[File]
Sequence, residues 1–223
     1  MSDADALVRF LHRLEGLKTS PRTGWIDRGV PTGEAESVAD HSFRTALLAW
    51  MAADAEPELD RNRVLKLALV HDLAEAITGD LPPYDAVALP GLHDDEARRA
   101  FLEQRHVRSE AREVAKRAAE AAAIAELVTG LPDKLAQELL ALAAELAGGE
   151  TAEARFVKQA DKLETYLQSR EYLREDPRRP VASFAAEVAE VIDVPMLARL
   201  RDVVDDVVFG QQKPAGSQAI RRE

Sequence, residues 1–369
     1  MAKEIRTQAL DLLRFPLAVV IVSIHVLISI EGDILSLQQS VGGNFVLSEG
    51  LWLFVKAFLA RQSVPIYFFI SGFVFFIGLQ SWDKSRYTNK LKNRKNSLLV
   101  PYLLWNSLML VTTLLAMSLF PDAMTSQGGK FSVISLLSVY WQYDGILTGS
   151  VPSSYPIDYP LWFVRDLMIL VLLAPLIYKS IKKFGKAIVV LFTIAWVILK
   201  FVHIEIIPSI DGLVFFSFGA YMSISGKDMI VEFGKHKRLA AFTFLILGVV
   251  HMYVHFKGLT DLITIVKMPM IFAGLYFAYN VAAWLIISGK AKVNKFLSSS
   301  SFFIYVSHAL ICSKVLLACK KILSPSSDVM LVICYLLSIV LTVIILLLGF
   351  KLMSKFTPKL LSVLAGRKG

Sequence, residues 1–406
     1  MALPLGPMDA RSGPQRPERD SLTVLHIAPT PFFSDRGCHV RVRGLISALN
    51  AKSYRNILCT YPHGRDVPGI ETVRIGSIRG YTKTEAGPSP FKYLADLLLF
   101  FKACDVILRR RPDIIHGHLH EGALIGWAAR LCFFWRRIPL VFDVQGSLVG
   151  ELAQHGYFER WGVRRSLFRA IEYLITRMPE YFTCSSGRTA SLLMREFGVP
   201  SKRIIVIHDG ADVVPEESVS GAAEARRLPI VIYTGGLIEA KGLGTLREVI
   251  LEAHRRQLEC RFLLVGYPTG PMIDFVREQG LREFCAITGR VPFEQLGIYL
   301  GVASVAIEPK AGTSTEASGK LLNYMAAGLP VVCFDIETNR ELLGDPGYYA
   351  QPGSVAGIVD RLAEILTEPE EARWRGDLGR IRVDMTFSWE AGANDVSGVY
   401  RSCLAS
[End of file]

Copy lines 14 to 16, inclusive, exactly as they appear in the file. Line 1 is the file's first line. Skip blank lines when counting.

   301  SFFIYVSHAL ICSKVLLACK KILSPSSDVM LVICYLLSIV LTVIILLLGF
   351  KLMSKFTPKL LSVLAGRKG

Sequence, residues 1–406